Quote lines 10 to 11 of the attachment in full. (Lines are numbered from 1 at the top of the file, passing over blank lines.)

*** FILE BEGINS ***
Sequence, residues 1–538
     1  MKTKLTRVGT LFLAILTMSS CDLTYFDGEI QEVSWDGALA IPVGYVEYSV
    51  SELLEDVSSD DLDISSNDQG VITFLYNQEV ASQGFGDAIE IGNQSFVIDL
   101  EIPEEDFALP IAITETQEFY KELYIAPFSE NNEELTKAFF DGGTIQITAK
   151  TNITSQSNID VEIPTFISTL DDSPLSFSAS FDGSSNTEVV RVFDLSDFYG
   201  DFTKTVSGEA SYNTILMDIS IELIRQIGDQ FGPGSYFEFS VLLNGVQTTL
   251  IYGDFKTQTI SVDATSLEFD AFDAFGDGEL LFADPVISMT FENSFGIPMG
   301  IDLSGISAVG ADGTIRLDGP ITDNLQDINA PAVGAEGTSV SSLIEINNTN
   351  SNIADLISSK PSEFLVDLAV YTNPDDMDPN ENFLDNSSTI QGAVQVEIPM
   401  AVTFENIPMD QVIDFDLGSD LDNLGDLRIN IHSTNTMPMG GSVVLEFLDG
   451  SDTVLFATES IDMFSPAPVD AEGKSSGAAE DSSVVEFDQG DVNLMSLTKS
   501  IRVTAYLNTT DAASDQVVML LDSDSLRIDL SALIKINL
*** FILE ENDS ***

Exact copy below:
   401  AVTFENIPMD QVIDFDLGSD LDNLGDLRIN IHSTNTMPMG GSVVLEFLDG
   451  SDTVLFATES IDMFSPAPVD AEGKSSGAAE DSSVVEFDQG DVNLMSLTKS